I'm in a fairly safe Labor seat anyway - Franklin has been Labor since 1993, except for when Harry Quick went independent for a couple of months in 2007.  Which I guess means I really should spread my vote around the progressive side a bit more, but there's the risk that if you get complacent the other side could get in.

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Marty - your response gives some credence to my theory... People vote for their party more to keep the other party out than to get their party in. I have to be honest, when I first observed it, I was very surprised, but my ex-fiancee's father exemplified it. When he said my vote to a minor party was wasted, my question to him was how else do you send a signal that a part of the country are seeking an alternative? If you're in a safe Labor seat, why not send a message you want them to implement more Green policies? (it's a philosophical question rather than a criticism).

 

But, it is the only way I can explain why SFM and Trump and the like are elected.. regardless of one's political bias, these are two recent examples of where most objective people would have issues with them as leaders  - although, to be fair, on this Forum, some expressed distrust in Shorten, and, well, to be honest. Hilary Clinton was no model candidate, either.


The more I watch this guy, the more I like him (from a political perspective, that is). I still shake my head in disbelief at the system they are bringing in.. And for Pauline to say those on welfare don;t have a say in how to spend it.. what happened to that old saying about the right to a pension - you payed your taxes...

 

 

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Jeez! I didn't know about this government benefit. It's horrendous. And hearing which parties are involved makes me quake. Cole and Woolworths writing your shopping list? Already both companies are restricting the scope of products they stock, and squeezing manufacturers to make and package goods under house name. You can bet your left one that Aldi, IGA and independents won't be on the approved list. And 

 

But getting back to topic, that's a strong speech by Mr Hill. It's too bad that his voice is not broadcast outside the Chamber. If it was, it might cause people to think. 

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While it may be possible for a Senate member to be PM The function of the Houses makes it pretty difficult to have one from the Senate (which is a house of review and forms many committees of enquiry etc, while the House of reps is where the legistation is initially presented.)

   INDIVIDUALS are elected to the Lower house representing each electorate, but the manner of getting there in the SENATE is different as the Party DECIDES who the candidates are and in what order they are allocated collective votes. in a specific, State The Senate also  doesn't have a voter base to candidate ratio . (moving allocated boundaries to adjust the number if required). There's more TAS senators per person there than say NSW and Eric Abetz has the #1 spot so he's virtually guaranteed election. as  was Corey Bernardi is SA. Keating used to refer to the Senate as "Unrepresentative Swill", rather disrespectfully. as He was frequently want to do. Nev.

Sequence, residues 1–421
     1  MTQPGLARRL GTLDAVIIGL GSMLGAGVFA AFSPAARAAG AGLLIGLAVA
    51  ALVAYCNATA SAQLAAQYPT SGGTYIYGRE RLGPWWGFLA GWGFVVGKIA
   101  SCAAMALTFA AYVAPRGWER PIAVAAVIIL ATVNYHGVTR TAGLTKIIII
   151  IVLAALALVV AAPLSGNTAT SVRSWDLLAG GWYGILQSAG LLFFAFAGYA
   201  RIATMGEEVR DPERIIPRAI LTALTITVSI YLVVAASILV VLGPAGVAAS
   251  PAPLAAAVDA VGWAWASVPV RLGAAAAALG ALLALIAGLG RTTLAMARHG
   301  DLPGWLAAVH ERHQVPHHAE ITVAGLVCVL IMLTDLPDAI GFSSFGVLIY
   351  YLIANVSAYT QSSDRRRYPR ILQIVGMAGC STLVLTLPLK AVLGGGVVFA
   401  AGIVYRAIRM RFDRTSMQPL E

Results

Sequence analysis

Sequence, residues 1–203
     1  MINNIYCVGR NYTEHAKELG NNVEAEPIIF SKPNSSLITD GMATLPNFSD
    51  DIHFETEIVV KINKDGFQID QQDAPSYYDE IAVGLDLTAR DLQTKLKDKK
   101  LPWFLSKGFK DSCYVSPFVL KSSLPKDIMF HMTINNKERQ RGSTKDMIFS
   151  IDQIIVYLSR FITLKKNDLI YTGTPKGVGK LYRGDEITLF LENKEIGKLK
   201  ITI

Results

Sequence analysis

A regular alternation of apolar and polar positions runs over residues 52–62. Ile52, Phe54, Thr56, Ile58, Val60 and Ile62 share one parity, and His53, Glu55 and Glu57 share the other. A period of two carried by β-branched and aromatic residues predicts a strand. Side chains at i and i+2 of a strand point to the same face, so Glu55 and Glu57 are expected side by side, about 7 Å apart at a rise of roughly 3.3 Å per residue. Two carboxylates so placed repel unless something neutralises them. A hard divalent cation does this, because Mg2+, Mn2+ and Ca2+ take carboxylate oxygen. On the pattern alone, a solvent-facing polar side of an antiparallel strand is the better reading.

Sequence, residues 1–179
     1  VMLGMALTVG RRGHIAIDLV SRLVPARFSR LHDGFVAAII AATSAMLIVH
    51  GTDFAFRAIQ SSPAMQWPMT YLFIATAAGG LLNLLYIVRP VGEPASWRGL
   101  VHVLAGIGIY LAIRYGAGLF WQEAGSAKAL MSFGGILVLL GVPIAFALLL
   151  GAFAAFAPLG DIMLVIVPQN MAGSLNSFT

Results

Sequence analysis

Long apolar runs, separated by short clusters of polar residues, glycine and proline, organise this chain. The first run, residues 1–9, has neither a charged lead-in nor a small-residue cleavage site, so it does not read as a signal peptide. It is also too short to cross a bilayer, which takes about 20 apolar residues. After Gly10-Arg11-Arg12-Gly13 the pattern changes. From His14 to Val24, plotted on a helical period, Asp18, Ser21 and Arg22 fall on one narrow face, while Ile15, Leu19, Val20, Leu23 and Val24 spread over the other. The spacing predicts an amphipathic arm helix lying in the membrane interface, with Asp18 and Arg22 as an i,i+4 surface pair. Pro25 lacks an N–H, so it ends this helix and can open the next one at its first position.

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An Aussie bloke who used to work for me and has since become a mate (despite his perversion for the Melbourne Football Club) used to bang on about how bas the MSM, including the ABC, BBC, etc were.. in that they sold a narrative rather than told the news. I have to admit, I thought he was off his rocker, but I didn't really subscribe to alternate sources as I do now.

 

If what Julian Hill says is true, forget the subs, this cashless pension card is nothing short of shameful - and well - heading towards China or worse (think WWII and Germany).

 

And you learn a new thing every day.. Didn't realise the PM (or the leader of the Executive Council) could come form the senate.. well. according to s. 64. they can be outside of parliament for a max of 3 month (hence the Gorton thing.. although I only remember him advertising Holden Statesman cars).

 

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10 hours ago, facthunter said:

Eric Abetz has the #1 spot so he's virtually guaranteed election. as  was Corey Bernardi is SA. Keating used to refer to the Senate as "Unrepresentative Swill", rather disrespectfully. as He was frequently want to do. Nev.

He has been in the past, but I think they just dumped him this year - https://www.theguardian.com/australia-news/2021/may/08/eric-abetz-dropped-to-third-spot-on-liberal-partys-tasmanian-senate-ticket

 

As for unrepresentative swill, that's not too far from the truth.  Especially when you see blokes like that nazi getting in with 19 votes.

Edited by Marty_d
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I think it's time to 'fess up and admit that the generations born in the 20th Century have let down their descendants of the 21st. We got sucked into a culture of cultural and military imperialism,  and several other "-isms". We allowed the manufacturers and financiers to rule the roost, and as a result we have ended up dissing Mother Nature and fermenting hate amongst ourselves. 

 

We know that we of the 20th Century can't cure the diseased Earth we created, but anthropologist have labelled Homo sapiens the Toolmaking Ape. Solving problems of survival has been the hallmark of the Family of Man since Australopithecus afarensis some 3.4 million years ago. So, what tools can we hand on to our descendants? Well, there are many, from historic records, the Scientific Method to that great means of communication and research, the Internet.

 

What we must spend our last breaths doing is  to call on our children, and children's children to use the tools we made in the 20th Century to Learn! Learn! Learn! Mankind will cure Mother Nature, but only by the application of an increase in knowledge. Maybe one thing we should teach them is to be cynical of false prophets. For false messiahs and false prophets will appear and perform great signs and wonders to deceive, if possible, even the elect (Matthew 24:24) {Just using a useful source of bon mots that suit the theme of the thread}